Hindi cinema has a tendency towards stories that stretch over long periods of time. Days, at the least, but often months, often many years too (that old trope of children growing up has been a part of too many films to name). It is the unusual film, especially in the 50s and 60s, that extends over just a few hours. Solvaa Saal was one such; Gateway of India is another. Both films are about runaway girls who meet the loves of their lives in the course of one night. That, though, is where the resemblance stops.
Happy 75th birthday, Shashi Kapoor!
Yes, the youngest of the three Kapoor brothers was born on March 18, 1938, in Kolkata. He is one of my favourite actors, and one of the very few whom I like also in his 70s avatar—that charm didn’t desert him with time. But. To return to the time period this blog specializes in: looking through the films I’ve reviewed till now, I realized there are only a handful of Shashi Kapoor films here. Prem Patra (another favourite), Pyaar Kiye Jaa, Pyaar ka Mausam, The Householder, Benazir.
So, this calls for another review, another Shashi Kapoor favourite of mine. Sharmeelee, which, though it was released in 1971, has enough of the feel of the 60s—in fashions, music, crew and cast involved—for me to include it in my list. Most of all, it has Shashi Kapoor at his absolutely irresistible best.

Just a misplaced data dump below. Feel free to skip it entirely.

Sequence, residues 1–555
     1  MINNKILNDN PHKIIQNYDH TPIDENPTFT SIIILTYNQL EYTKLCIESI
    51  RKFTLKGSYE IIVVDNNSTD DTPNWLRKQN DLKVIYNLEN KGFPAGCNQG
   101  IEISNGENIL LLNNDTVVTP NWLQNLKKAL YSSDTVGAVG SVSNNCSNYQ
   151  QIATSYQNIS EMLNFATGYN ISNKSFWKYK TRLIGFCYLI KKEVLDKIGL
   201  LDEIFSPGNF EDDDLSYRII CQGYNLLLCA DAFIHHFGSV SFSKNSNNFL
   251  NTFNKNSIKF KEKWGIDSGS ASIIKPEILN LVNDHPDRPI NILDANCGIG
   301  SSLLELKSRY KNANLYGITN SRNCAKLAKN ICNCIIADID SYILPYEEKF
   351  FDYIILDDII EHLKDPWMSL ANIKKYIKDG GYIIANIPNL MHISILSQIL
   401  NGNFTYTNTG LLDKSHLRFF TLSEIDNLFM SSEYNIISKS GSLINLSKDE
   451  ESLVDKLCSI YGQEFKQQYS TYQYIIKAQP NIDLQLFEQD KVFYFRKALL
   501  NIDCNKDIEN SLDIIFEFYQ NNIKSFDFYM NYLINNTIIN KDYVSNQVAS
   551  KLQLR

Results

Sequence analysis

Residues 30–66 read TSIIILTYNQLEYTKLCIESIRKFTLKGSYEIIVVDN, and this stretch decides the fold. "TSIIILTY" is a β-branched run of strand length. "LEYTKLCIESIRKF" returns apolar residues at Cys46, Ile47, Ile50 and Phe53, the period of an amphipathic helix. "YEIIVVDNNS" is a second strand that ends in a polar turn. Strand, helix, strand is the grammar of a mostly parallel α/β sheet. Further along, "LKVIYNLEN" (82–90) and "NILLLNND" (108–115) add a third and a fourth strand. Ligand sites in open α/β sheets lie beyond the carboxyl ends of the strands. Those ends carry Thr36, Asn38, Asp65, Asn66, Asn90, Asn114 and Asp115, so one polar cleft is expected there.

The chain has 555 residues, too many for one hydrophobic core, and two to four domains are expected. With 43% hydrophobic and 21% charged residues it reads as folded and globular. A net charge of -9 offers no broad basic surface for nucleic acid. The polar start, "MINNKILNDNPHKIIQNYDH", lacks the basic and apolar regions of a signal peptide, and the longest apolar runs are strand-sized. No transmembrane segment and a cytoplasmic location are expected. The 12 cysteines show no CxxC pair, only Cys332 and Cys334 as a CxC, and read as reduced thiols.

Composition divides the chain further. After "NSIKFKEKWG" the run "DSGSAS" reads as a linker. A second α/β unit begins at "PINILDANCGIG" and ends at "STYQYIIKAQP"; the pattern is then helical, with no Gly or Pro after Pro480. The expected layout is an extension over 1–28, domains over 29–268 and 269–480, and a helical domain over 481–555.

Raja, while commenting on my post on saheli songs, mentioned that Akhiyaan bhool gayi hain sona from Goonj Uthi Shehnai was his “all-time favourite”, and “In my list of 1-10, I’d fill all 10 spots with this song.” I’ve had the VCD of this film lying around at home for quite a while, but I’d been putting off watching it (largely because Rajendra Kumar isn’t one of my favourites), but after I had a closer look [hear?] at the songs of Goonj Uthi Shehnai—and realized that some of my favourite songs were from this film—I figured I had to watch it soon.
This post, therefore, is for Raja. For having spurred me on to watch this film. And yes, I think Akhiyaan bhool gayi hain sona is pretty awesome too.
Unlike Madhumati and Aar Paar, where he was just a supporting actor (though, in my opinion, his contribution to both films far surpassed the actual screen time of the characters he played), in Chhoomantar Johhny Walker is not just the funny man, but also the hero. He gets to sing and dance (the latter even in drag!). He gets to woo a pretty heroine, be brother to another lovely lady, and he gets to kick some serious ass.
Rewatching this film after donkey’s years, I was struck by the similarity in basics with How to Marry a Millionaire. Here too are three beautiful girls, each of whom falls in love with a man she meets—but doesn’t realise is not quite the sort of man she’d hoped to end up marrying.
That’s where the resemblance ends. Our girls, like good bharatiya naaris, aren’t mercenary gold-diggers. Which, of course, is good news for the three men whom they fall for, since their heroes aren’t exactly rolling in wealth either.